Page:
By Gianmaria Franchini
Stepping into the Mary Sesnon Gallery at Porter College presently is a little unnerving. Startling images and static sounds lurk about the spare space and assault the senses before they clearly register.
Alcoved away above an anodyne koi pond, the modest, graceful gallery’s current exhibition gives voice to episodes of protest, of violence, and of courage.
The multi-media exhibition, entitled “Sunday Walk to the Zócalo of Oaxaca,” is largely the work of Mexican-born artist Gabriela León, who views this collection as an uncompromised response to popular revolt and resistance that occurred in Oaxaca in 2006 after underpaid teachers on strike were met with heavy-handed violence from state police.
The unnerving quality of the collection should not go unnoticed: It informs the observer that the subject matter and inspiration for the art are of a brutal nature and, as they should be, difficult to absorb.
León is highly aware of and proficient with her form and material.
Most of the “Banner” series, pieces of cloth pinioned loosely and flag-like all over Sesnon’s white walls, are stenciled with spray paint — a street-level and illicit medium — and subliminally recall the protest act associated with graffiti.
Concurrently, the banners mutely cry out with images of faceless masses (gasmasks included) or with the glibness of stilted political slogans.
Caught up in the political discord, one bears an endangered moment of honesty: Somos la dignidad rebelde el corazón olvidado de la patria. Most are compelling, and all are distraught.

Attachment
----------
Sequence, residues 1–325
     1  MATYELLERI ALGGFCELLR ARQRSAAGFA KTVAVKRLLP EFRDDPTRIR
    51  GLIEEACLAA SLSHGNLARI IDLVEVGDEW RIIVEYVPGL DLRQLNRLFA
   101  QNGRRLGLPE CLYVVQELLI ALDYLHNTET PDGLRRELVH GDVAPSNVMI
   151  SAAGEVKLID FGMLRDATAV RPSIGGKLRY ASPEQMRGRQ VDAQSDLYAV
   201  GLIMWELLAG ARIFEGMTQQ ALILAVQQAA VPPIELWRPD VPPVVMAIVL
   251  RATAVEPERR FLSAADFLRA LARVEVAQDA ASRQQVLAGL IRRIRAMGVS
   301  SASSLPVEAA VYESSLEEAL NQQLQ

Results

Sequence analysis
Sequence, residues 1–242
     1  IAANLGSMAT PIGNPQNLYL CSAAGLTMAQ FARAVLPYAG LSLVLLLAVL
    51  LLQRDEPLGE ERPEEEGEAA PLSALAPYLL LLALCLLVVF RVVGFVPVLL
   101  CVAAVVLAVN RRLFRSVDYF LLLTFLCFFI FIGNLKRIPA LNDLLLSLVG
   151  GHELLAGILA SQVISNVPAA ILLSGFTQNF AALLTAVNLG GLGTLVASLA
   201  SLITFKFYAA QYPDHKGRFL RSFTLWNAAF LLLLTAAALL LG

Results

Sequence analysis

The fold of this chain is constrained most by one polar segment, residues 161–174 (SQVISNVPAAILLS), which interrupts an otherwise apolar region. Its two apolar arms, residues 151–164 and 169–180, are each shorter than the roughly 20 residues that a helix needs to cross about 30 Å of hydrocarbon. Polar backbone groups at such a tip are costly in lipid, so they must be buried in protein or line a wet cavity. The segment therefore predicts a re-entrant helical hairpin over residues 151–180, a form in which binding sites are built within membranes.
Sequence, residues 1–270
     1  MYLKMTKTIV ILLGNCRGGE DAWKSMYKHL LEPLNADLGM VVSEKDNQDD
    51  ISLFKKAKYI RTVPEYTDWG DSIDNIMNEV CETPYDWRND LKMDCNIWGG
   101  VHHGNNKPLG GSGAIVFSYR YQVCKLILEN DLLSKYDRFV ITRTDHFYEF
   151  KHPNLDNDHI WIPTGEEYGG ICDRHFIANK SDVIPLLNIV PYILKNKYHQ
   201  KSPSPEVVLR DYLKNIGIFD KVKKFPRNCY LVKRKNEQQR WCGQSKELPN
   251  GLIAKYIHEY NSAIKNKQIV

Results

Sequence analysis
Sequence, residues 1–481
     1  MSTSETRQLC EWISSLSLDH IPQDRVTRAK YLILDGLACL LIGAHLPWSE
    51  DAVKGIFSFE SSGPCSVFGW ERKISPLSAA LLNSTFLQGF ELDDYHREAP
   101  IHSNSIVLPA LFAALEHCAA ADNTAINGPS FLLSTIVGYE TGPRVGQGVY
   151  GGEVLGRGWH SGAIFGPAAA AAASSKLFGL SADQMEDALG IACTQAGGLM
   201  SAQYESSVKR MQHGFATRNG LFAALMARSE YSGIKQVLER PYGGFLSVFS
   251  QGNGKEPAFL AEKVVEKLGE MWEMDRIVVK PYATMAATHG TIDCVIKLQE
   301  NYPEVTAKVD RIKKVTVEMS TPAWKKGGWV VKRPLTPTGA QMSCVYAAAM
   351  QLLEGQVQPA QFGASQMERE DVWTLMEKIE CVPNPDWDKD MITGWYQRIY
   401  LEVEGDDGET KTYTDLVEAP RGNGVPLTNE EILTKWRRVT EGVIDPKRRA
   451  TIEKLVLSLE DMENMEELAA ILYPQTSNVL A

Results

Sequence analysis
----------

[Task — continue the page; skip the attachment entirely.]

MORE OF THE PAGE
The juxtaposed “Barricade” series is subdued in comparison and color, and communicates a loose political message with subtlety.
The earthy monoprints are made from the detritus of clashes between people and police: jagged tire treads imprint chaotic patterns on hand-made paper, and other found objects create unexpected and pretty motifs.
Strategically placed maps indicate where the objects were found, and allude to the importance of place with which the entire exhibition resonates.
The deftly executed multimedia approach calls to mind the diverse number of voices that are involved with violent struggle and emphasizes the range in which their stories can be told.
None of the art can be fully understood alone and all of it is fragmented, none more so than the sound and video installations. “Pequeño Passo,” composed by Oscar Javier Martinez, is a looped series of disjointed voice tracks evoking battle-cries.
In the gallery space, the origin of the voices isn’t apparent, and they echo and reverberate in a haunting fashion. “Paseo Dominical por el zócalo,” the running video from which the exhibition takes its name, shows a succession of images of violent protest barely visible through grain and static.
An elementary call-and-response Spanish lesson provides a clever soundtrack.
The central piece to “Sunday Walk” is displayed prominently in the Gallery’s most spacious and lighted spot.
Except for a pair of high-heeled boots, “Barricade Dress” (and here we have the theme of barricade — of confrontations and enclosed spaces —returning) is also made from the detritus of protests: What looks like a protracted spring is wrapped around a rubber corset and a barbed wire necklace.
This piece of sartorial wreckage cannot be understood without its video component, which projects León treading amid police in full riot gear with her own uniform.
She literally risks life and limb with a dead-eyed, innocent look on her face.
The most remarkable quality of “Sunday Walk” is that it stays honest to its credo of giving voice to the voiceless.
In that sense, it will take one as close to the Oaxacan uprising as one can get without participating in person, perhaps even closer.
A small moment in the “Resistencia Visual” video catches an elderly woman offering a carnation to a young soldier forming part of a police barricade. “This is from a woman, a mother,” she says. He hesitates, but gives in with tears in his eyes.